Aliyah: Getting the Help We Need, Part I

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This post might upset some. But perhaps some people need to be upset. Because I feel everything I’m about to say is long overdue. And as much as there are plenty of individuals who will have fingers pointed at them, there is a communal responsibility that makes what I’m about to say relevant to countless individuals.

The Complexity of Aliyah


Moving to Israel (Aliyah) is not easy. Anyone who says otherwise is lying. Yes, I’m sure when you move to Israel from Ethiopia or Russia, whereas you may still have challenges, you are nearly guaranteed an increase in your quality of life.

However, this is not the case for many if not most of us who move to Israel from North America. We have certain standards that we became used to in our previous lives. And yes, we are moving to another country, with its own unique culture. Israel has her own way, and its own situation, and no one should expect to be catered to.

But that doesn’t change the fact that it’s still a challenge.

Those challenges can be enormous. And they also can be objectively puny. But they are still challenges, and need to be respected. They need to be comforted. And where possible, they should be accommodated. That’s the case even when you believe the individual should be learning to live without whatever comfort they are seeking.

Moving to Israel is not easy. Anyone who says otherwise is lying. Click To Tweet

Aliyah and Seeking Help


When I was moving back to Israel, I sought help from every direction I could think of. I was panicking about any number of issues. I didn’t know how to find a job and I needed advice on apartment hunting. And I had countless questions, and I certainly didn’t not want to go into such a daunting experience alone.

There were some organizations who said their main focus was to collect money. I thought it odd that I was explaining my fear of the system and my dread of not being able to find work… and I was hit up for a donation. I found this inappropriate on a number of levels. But at least they were fairly upfront…

There were two organizations whose attitudes to me I found so repellent, I would like to highlight them here: Nefesh B’Nefesh and AACI (Association of Americans and Canadians in Israel).

Aliyah and Nefesh B’nefesh


Nefesh B’Nefesh boasts of making the process of moving to Israel significantly easier. Their propaganda makes it seem like Aliyah is impossible without their assistance. And to some extent, that may be true. But, sadly, I made Aliyah before they came into existence. And even though it is not indicated on their site, there are those who they will not help. Ever.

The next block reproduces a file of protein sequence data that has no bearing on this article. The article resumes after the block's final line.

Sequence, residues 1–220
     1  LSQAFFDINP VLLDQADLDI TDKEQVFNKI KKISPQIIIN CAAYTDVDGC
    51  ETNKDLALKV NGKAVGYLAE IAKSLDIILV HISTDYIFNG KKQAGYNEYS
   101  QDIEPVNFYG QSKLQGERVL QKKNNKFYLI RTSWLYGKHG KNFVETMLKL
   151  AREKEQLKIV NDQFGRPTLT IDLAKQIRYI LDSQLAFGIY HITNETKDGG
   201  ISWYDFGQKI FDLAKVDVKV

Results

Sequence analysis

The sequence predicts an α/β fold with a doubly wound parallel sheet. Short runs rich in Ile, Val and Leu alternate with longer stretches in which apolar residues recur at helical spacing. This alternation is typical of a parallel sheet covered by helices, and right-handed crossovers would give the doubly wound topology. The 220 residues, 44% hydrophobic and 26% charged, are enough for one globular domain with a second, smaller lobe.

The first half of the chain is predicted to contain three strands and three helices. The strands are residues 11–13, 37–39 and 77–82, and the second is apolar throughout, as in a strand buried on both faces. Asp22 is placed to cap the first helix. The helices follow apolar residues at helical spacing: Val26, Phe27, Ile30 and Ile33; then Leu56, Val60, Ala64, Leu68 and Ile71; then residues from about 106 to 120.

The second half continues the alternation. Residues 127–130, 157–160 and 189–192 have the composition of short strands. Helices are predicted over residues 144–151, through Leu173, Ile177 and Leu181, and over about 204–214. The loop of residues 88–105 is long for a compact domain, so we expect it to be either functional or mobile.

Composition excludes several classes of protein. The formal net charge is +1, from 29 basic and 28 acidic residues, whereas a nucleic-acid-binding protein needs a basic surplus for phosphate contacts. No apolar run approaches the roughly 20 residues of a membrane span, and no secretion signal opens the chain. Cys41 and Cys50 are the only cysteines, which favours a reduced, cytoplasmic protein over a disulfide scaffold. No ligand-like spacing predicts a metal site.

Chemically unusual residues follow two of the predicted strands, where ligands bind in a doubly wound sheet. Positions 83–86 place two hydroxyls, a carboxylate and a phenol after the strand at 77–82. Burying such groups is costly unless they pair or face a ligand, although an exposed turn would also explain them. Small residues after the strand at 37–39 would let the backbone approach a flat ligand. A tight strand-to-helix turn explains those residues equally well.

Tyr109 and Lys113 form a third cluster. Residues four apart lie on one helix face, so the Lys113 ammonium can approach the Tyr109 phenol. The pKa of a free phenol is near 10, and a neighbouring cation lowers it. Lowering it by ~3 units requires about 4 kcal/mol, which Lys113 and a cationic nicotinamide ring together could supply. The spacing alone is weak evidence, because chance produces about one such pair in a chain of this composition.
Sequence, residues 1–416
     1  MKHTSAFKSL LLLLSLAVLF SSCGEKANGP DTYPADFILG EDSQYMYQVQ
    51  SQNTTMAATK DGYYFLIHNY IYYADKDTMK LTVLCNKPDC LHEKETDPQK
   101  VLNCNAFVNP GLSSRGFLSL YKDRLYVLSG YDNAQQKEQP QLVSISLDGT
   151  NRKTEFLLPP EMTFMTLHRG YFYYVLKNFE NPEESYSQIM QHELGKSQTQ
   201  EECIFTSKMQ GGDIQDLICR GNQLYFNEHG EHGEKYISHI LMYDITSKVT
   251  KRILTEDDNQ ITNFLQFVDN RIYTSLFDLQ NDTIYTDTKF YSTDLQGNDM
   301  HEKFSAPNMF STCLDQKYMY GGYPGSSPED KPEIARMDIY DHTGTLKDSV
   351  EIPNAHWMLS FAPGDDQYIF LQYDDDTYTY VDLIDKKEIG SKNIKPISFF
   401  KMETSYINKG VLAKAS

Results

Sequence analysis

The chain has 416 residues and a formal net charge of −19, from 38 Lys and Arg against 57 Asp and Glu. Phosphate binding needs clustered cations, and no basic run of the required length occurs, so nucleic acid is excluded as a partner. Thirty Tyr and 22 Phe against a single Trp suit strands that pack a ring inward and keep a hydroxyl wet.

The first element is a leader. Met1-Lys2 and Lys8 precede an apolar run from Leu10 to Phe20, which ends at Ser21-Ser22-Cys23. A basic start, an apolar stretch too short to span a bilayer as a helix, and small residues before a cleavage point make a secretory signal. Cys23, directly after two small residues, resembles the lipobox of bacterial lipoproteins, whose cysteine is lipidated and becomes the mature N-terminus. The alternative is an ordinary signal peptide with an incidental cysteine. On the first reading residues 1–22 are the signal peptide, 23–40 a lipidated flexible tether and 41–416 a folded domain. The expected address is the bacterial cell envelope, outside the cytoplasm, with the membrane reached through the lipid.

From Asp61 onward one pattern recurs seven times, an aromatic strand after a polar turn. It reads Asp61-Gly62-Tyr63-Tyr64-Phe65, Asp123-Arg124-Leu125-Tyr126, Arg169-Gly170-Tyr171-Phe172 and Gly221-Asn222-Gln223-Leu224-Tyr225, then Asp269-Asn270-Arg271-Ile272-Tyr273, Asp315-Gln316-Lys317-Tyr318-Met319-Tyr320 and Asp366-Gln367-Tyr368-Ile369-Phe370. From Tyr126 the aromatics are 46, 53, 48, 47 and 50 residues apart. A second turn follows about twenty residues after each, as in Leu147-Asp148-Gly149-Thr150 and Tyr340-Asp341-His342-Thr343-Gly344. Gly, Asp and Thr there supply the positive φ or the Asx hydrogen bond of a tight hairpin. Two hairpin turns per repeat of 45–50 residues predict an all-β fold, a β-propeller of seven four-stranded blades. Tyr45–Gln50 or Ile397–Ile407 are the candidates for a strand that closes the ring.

Any attempt I’ve ever made to connect with Nefesh B’nefesh was met exclusively with an invitation to look at their website. Apparently, unless I’m one of their numbers, I’m dead to them.

Any organization claiming the way they do that they exist for the sake of immigrants (olim), cannot ignore olim. Any olim. I only know what I know, but I’ve also heard from others that as time went by, the organization has become less and less vital to so many. Sure, everyone who is able to will (and should) use their services. Any help is better than no help.

But how do you sleep at night knowing that ultimately your purpose is filling checkboxes to say how high your numbers are? You don’t pay crucial attention to what happens once the immigrant is already here, or the many reasons things don’t work out for so many people. And you’re blatantly ignoring the needs of some who could desperately use a little extra assistance.


Aliyah and AACI


Another organization who I turned to for aid and support was AACI (Association of Americans and Canadians in Israel). My primary concerns, like most people, were housing and work. I was told they could most certainly help me, but only if I pay them a membership fee. So I shelled out cash I didn’t have in the desperate hope they would be able to answer my many vital questions.

That’s when the magic began!

As far as housing was concerned, I was given a list of websites. Nothing more, nothing less. Just names and links. Some that even worked! No attempts to help me find the right neighborhood, or how to navigate the system. Just a page with links.